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Innosanitation - The Wave Of The Future, Part 7

Updated on March 20, 2011

The curriculum must be based on the standards which are acknowledged to be sufficient to perform the Innosanitation cleaning tasks to an acceptable level of proficiency. These standards may vary from one industry and location to another: A careful evaluation must be conducted to determine whether the desired cleanliness level to be achieved through Innosanitation cleaning processes in, for example, the loading dock of a petrochemic supplier is identical to that which should be found in a hospital restroom.

Once these standards are set, the curriculum must be centered on ensuring that all janitorial staff receive a minimum acceptable score (the "passing grade") on tests of performance, skill and knowledge of Innosanitation cleaning procedures. Standards must also be clearly communicated to the trainees and duly enforced on aspects pertaining to:

  • Uniform rules
  • Smoking rules
  • Attendance rules
  • Behavior during training rules
  • Scheduling of breaks
  • Length of training
  • Pay during training

The trainees must be aware that there are firm ground rules for the training and that a disciplinary course of action is present should it be required due to the trainees' non-adherence to the basic guidelines. The trainee must be aware at all times that they are responsible for their actions.

Selecting An Instructor

Any Innosanitation cleaning janitorial training instructor must have a working knowledge and understanding of the subject matter. The instructor must also have demonstrated abilities in teaching techniques and the preferred procedures for behavior management. The instructor must also have well developed scheduling skills which will allow for the optimal use of the allotted training time.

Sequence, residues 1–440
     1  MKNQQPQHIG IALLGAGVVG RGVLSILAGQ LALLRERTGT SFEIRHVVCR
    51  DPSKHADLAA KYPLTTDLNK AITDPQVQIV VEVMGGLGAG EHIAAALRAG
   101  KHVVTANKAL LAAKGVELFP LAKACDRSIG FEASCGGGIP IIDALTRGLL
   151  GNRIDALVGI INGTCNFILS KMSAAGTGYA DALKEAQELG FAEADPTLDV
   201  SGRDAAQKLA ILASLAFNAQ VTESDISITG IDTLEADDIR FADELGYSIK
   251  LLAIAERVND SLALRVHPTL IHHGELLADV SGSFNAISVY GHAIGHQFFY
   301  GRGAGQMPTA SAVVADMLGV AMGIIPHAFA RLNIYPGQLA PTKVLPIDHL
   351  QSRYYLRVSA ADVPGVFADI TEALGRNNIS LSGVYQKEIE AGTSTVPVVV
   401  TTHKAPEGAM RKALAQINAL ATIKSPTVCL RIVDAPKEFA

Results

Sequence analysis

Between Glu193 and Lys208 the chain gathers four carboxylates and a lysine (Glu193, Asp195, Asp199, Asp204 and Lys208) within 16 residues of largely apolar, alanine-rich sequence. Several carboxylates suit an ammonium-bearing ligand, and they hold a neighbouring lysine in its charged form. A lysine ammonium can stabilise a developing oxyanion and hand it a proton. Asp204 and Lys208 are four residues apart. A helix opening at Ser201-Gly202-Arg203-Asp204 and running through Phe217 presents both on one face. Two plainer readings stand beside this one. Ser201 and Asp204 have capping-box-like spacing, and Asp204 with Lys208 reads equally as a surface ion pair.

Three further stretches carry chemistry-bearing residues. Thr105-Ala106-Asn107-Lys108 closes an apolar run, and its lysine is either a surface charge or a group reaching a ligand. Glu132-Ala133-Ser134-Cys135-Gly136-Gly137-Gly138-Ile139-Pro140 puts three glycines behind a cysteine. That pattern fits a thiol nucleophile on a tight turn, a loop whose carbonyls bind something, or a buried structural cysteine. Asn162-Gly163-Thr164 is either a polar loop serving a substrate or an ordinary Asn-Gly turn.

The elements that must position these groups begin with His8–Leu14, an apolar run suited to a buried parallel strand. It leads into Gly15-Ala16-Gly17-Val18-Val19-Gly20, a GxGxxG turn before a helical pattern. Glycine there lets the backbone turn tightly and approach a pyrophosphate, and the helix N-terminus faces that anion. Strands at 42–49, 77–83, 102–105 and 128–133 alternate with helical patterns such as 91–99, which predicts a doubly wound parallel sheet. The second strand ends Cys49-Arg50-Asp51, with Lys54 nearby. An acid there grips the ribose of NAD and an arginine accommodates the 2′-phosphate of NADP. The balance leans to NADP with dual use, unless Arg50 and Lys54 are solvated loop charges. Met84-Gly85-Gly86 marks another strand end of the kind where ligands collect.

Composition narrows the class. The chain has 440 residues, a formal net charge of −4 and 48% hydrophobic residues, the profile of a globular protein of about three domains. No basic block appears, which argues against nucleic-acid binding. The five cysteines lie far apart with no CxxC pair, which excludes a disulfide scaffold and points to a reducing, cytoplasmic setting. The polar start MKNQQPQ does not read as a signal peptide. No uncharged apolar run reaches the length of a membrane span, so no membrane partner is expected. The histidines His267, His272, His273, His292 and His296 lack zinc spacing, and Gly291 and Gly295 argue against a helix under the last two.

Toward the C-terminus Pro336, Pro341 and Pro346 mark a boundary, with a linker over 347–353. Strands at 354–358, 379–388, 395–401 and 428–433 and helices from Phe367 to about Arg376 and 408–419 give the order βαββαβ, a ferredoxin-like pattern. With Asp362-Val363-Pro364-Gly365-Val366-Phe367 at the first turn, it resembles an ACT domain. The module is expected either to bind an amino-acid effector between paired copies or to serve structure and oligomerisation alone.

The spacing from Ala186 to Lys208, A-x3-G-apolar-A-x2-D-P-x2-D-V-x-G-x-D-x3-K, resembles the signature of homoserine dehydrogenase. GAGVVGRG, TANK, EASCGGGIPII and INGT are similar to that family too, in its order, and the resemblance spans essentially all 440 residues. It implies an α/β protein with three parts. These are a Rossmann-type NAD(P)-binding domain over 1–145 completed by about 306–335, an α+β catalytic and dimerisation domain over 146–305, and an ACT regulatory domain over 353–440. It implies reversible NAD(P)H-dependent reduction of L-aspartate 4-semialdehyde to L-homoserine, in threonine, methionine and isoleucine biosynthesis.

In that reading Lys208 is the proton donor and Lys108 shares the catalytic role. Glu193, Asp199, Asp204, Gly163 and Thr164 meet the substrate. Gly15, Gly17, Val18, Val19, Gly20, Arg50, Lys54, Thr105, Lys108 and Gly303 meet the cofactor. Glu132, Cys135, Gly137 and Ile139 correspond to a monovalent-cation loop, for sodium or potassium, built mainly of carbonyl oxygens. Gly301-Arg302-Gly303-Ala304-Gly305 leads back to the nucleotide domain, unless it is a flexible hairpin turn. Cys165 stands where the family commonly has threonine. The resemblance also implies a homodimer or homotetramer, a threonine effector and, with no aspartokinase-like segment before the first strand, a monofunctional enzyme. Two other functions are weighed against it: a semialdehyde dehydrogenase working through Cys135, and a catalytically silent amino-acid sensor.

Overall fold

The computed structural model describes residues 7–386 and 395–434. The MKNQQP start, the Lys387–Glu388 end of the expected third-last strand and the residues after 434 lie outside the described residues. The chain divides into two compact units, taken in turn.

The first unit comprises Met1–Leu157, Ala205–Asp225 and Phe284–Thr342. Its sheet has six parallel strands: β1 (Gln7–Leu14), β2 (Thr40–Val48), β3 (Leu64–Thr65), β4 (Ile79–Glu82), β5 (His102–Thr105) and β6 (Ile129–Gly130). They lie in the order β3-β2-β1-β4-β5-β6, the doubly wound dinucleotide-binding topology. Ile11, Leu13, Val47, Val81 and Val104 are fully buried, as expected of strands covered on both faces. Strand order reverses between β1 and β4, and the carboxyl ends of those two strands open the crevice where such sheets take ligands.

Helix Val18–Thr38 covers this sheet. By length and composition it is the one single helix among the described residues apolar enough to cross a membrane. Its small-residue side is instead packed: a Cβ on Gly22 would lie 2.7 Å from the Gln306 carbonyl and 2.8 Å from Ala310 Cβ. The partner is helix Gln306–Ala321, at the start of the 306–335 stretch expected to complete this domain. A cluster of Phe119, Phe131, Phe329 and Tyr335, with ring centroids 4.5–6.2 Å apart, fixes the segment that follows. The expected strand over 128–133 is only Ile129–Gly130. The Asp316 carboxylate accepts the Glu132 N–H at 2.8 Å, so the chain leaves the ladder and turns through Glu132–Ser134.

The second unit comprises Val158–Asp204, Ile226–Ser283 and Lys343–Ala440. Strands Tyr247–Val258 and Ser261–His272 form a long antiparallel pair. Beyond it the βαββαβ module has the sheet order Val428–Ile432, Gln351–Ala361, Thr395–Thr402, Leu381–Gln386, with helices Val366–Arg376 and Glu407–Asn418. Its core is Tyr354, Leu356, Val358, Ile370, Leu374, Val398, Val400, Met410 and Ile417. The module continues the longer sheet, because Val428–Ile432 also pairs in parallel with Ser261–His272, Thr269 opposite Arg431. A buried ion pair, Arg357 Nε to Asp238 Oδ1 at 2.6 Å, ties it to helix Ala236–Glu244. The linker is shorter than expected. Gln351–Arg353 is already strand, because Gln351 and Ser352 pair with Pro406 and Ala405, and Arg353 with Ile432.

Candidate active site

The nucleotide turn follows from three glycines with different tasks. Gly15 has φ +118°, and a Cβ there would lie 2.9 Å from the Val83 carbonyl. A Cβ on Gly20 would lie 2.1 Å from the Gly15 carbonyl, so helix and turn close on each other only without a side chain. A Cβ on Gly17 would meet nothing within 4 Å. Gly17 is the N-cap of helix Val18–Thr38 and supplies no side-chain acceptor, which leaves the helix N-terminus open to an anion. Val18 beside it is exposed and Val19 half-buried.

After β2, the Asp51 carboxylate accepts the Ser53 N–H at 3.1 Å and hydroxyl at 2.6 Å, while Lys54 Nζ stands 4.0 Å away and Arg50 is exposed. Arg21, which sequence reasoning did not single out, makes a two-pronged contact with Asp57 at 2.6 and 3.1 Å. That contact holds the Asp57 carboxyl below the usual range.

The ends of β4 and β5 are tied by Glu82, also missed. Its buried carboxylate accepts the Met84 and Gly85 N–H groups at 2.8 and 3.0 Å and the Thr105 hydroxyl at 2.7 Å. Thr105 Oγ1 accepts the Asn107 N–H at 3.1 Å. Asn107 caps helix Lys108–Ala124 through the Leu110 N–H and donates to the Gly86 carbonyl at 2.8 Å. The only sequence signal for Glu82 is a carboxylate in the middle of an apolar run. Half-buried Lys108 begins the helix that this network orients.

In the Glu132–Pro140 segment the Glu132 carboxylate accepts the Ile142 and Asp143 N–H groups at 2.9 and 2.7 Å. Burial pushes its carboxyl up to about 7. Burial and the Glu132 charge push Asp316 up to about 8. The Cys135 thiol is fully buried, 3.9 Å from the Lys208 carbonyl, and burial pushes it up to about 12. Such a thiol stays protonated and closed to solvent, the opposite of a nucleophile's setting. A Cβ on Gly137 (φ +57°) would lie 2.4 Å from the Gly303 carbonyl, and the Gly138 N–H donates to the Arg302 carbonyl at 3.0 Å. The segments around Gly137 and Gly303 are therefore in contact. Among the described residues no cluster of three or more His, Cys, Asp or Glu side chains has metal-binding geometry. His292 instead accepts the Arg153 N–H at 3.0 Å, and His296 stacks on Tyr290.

Experience is the best indicator of potential success in Innosanitation cleaning training. You may find that it is not an overly simple task to locate an experienced instructor who is well versed in the various details which constitute the Innosanitation processes, as the technology is fairly new and only recently is it being considered for adoption across the board. If the prospective instructor can demonstrate that they have had previous successes in Innosanitation cleaning training, then the chances are excellent that the success will be duplicated in your setting. If the possibility exists to observe the prospective instructor while they are conducting another Innosanitation cleaning training session, that observation should be scheduled and an evaluation conducted. A mock training session may be organized to achieve this goal.

Once the proper instructor has been secured, it is important to familiarize the trainer with your facility, the specifics of the training program they will be administering, and the curriculum that they will be utilizing. This will ensure that the Innosanitation cleaning information which you wish to instill on the janitorial staff will be communicated with maximum efficiency.

The instructor must be skilled in a variety of teaching tasks and must thoroughly comprehend the bilateral nature of proper training: The instructor must listen to the input of the trainees as well as impart information. In Innosanitation cleaning janitorial training instruction precedes production, thus tasks must be introduced in a coherent and comprehendible manner.

Continued In: Innosanitation - The Wave Of The Future, Part 8

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